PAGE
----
I attended a seminar on antibiotic design, specifically about antibiotics that target Biotin metabolism which is utilized by Mycobacterium tuberculosis, the organisms responsible for the disease, tuberculosis. Dr. Courtney Aldrich gave me my first insight into the field of medicinal chemistry and drug design. I’ll admit there are aspects of his lecture that I did not understand due to the fact that I have yet to take biochemistry, but I am excited to learn more. The last antibiotic discovery that was effective in treatment of tuberculosis took place around 4 decades ago. Some of the reasons for the hold up in the synthesis of new antibiotics are the fact that antibiotics are mechanism limited. There are only a couple pathways they can disrupt in order to successfully halt bacterial growth and the most commonly targeted are the translation pathway, DNA replication, or cell wall synthesis. According to Dr. Aldrich, new antibiotics will be developed through the use of the unbiased phenotypic whole-cell screening technique in which compounds with antibiotic activity are obtained and of those, the ones that are multi-target inhibitors are identified.
Another technique employed in antibiotic construction is the biased-target-based rationale but limitation to this method are that it lacks proper genetic validation since it is an in vitro technique and may react differently in vivo. It has also been seen that there is rapid evolution of drug resistance to these single targeting drugs that mainly target the rate-limiting step of the chemical reaction.
Dr. Aldrich’s research was specific to biotin metabolism in order to treat tuberculosis. Biotin is a cofactor that is involved in carboxylation of enzymes and fatty acid biosynthesis which is extremely important to all bacterial cells due to their cell wall structure. Biotin is extremely vital for the mycobacterial cell envelope because it is made up of 70% lipids by weight. Dr. Aldrich’s research was target-based and focused on specific enzymes in the biotin pathway with a focus on Bio enzyme A, a PLP dependent enzyme which causes the loss of a carbonyl that is replaced by an amine, the reduction of a cofactor. Almost all antibacterials were discovered using the method of isolating natural products and deriving the antibiotic from them, the natural product optimization method. A common question would be how to distinguish between which products should be pursued and the answer is simply that they are cherry-picked. Once compounds are selected they are tested on wildtype genes and mutated genes and successful targeting is tracked.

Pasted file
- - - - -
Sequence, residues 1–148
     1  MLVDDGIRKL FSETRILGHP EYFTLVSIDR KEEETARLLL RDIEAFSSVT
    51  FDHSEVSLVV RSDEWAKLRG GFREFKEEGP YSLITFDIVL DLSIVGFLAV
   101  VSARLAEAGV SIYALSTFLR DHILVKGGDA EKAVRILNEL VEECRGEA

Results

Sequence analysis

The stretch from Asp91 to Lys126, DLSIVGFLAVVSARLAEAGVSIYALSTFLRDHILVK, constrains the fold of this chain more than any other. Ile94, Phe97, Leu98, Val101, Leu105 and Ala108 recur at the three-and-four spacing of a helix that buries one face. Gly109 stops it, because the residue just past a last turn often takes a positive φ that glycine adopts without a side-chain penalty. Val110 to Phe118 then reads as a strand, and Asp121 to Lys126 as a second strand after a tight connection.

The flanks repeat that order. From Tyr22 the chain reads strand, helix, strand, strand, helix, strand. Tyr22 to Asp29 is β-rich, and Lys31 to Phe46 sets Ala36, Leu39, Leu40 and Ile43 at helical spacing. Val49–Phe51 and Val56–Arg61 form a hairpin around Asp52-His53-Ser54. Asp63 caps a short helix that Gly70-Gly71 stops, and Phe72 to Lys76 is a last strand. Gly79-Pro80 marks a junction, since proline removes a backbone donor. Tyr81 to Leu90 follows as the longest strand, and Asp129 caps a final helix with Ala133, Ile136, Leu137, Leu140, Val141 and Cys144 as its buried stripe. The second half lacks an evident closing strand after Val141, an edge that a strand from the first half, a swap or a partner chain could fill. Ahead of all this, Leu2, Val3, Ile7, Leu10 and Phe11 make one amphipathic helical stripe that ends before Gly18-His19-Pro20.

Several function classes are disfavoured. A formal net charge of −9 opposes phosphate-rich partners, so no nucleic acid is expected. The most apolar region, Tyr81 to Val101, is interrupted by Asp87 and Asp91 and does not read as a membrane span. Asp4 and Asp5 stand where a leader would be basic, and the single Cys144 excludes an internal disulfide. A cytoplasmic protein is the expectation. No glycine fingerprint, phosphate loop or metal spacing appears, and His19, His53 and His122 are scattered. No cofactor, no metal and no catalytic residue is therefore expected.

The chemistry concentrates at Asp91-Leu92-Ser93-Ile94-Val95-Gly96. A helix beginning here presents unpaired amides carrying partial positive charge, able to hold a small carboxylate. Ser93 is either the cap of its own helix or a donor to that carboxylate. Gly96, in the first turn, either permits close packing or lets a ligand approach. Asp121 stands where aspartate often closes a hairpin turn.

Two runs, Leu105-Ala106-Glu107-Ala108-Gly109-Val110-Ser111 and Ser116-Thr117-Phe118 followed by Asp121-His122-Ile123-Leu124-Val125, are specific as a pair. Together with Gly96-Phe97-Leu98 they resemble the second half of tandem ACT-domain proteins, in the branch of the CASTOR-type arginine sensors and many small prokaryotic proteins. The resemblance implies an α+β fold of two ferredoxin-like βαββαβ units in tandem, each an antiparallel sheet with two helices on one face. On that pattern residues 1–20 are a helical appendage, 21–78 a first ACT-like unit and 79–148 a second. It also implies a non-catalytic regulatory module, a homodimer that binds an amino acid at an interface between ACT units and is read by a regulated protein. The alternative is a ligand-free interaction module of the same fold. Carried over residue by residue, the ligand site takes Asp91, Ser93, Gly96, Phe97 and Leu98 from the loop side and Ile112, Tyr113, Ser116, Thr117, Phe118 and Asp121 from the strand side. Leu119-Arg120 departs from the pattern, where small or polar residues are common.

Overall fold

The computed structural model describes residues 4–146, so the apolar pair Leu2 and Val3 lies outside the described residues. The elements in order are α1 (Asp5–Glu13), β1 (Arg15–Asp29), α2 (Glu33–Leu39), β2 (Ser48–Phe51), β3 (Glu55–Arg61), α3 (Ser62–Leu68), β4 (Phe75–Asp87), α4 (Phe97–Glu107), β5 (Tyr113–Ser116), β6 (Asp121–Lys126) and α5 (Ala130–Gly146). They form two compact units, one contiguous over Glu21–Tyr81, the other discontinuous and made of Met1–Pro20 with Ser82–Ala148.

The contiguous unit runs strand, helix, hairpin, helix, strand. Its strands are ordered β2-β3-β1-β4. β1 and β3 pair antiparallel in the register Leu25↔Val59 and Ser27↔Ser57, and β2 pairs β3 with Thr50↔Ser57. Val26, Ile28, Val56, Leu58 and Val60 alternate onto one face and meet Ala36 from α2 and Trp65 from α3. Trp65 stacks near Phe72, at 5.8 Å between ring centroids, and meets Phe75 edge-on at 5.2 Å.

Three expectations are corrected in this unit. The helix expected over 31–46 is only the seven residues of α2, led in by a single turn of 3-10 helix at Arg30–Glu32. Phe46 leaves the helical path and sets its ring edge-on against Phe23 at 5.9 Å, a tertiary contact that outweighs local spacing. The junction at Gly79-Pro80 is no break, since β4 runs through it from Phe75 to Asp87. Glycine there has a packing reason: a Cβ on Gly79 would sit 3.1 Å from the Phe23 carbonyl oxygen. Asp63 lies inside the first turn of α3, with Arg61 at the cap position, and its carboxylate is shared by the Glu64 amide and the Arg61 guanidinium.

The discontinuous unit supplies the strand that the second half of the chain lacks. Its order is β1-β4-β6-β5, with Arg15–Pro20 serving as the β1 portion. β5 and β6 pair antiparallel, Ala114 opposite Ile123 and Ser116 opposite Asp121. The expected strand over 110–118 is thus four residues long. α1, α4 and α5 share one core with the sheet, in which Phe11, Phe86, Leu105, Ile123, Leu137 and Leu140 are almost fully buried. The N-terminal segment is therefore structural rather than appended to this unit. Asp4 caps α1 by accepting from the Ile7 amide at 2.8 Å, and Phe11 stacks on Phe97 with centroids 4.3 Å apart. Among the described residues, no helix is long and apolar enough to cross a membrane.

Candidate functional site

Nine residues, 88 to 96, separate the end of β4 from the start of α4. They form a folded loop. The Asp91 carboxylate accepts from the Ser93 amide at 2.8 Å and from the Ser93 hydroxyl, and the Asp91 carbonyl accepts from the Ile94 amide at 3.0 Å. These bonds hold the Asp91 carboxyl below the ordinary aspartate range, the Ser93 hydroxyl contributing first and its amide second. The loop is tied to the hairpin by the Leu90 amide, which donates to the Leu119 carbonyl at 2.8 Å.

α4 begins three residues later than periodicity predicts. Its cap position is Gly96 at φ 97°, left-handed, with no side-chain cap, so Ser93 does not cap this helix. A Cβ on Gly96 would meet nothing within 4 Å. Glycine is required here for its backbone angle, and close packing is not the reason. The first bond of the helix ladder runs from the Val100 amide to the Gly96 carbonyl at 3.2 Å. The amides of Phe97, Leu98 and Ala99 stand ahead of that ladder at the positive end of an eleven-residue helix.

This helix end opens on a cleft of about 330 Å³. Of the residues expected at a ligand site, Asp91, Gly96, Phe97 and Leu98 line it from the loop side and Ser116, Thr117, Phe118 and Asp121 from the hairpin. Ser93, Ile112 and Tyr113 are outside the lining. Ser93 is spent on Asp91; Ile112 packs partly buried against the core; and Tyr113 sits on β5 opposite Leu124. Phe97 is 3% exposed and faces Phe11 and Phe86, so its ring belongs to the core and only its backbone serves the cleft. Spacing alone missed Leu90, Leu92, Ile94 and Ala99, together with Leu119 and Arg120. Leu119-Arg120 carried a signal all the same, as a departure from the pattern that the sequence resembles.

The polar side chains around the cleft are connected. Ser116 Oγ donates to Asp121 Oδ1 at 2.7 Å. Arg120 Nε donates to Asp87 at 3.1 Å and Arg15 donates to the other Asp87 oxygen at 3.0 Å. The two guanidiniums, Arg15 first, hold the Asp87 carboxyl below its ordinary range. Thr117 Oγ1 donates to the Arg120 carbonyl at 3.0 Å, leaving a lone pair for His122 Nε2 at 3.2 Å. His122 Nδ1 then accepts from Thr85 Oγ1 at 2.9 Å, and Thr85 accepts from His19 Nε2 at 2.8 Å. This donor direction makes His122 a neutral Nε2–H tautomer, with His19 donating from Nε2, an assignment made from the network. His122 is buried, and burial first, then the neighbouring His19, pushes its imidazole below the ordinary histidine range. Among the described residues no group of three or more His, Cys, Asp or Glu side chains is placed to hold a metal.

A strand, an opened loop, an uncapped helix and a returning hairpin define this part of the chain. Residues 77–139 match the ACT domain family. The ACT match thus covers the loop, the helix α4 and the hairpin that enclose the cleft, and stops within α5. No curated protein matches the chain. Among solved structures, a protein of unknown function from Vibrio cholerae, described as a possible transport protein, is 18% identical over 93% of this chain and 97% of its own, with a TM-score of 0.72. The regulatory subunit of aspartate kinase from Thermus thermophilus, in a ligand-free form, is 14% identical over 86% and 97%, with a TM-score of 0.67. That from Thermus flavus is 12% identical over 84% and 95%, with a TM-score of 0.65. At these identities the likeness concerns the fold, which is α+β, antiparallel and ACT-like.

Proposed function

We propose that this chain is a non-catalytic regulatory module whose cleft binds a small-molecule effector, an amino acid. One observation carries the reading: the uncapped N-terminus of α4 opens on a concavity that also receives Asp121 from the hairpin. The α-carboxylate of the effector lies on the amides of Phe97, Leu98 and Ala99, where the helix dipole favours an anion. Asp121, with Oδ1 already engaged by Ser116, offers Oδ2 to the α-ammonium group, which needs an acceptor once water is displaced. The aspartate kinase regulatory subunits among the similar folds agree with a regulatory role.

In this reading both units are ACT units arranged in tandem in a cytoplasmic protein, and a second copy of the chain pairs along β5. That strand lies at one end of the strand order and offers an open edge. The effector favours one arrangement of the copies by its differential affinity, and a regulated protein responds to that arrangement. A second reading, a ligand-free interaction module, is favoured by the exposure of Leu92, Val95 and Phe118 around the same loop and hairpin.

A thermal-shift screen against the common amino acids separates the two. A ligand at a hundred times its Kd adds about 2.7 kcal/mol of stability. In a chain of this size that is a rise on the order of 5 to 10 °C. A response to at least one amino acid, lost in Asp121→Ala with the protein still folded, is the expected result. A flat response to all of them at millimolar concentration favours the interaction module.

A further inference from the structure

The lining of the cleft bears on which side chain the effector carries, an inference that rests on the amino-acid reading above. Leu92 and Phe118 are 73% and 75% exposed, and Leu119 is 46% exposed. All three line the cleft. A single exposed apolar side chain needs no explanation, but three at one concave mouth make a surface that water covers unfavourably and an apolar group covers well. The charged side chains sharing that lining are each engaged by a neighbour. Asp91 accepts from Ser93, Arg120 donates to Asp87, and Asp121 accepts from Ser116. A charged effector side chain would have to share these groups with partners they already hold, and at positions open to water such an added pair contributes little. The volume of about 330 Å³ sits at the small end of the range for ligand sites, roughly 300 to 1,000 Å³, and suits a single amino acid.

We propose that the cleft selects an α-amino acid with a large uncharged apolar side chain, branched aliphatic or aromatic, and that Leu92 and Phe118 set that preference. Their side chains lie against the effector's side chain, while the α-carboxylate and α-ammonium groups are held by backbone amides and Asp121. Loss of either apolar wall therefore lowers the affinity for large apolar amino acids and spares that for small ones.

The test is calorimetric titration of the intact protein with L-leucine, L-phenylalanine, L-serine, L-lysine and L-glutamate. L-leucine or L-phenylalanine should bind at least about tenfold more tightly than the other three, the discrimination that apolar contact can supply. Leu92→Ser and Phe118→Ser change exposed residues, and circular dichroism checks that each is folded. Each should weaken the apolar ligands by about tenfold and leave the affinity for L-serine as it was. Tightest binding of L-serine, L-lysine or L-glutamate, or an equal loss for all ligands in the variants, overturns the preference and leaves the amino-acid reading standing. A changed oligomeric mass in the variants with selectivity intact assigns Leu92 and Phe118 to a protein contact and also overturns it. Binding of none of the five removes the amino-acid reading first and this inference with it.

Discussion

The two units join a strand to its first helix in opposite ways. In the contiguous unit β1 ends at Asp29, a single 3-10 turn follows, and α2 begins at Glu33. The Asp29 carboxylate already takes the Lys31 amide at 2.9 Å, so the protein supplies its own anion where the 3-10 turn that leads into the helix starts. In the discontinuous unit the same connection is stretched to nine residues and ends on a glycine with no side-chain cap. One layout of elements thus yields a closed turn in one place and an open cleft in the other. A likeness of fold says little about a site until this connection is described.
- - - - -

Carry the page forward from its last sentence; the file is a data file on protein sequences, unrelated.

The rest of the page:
The goal of an antibiotic (as well as most biochemical reactions) is a stabilized product. A specific drug that Dr. Aldrich worked with was Amiclenomycin, a Bio A inactivator that inhibits the synthetic mechanism for biotin. The inhibition mechanism is powered by ketolysis which produces a very reactive species.
My eyes were opened to the world of drug synthesis which would not be possible with organic chemistry. Understanding a variety of reactions and mechanisms has broader implications than simply being prepared for an exam, for those in the field of medicinal chemistry the research and development of such products are saving lives. I have much to learn before all of the terms and processes discussed in Dr. Aldrich’s lecture make complete sense to me, but this lecture definitely gave me a taste of a clinical application of how the things I’ve been learning throughout the semester serve the world in a variety of contexts.